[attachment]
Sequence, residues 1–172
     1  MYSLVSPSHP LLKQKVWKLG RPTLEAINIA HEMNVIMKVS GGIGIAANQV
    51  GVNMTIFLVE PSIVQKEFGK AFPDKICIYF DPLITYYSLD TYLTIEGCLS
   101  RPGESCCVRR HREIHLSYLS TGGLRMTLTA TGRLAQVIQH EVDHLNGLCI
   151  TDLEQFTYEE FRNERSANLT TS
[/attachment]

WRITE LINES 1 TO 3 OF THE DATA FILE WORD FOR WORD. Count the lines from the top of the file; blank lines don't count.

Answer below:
Sequence, residues 1–172
     1  MYSLVSPSHP LLKQKVWKLG RPTLEAINIA HEMNVIMKVS GGIGIAANQV
    51  GVNMTIFLVE PSIVQKEFGK AFPDKICIYF DPLITYYSLD TYLTIEGCLS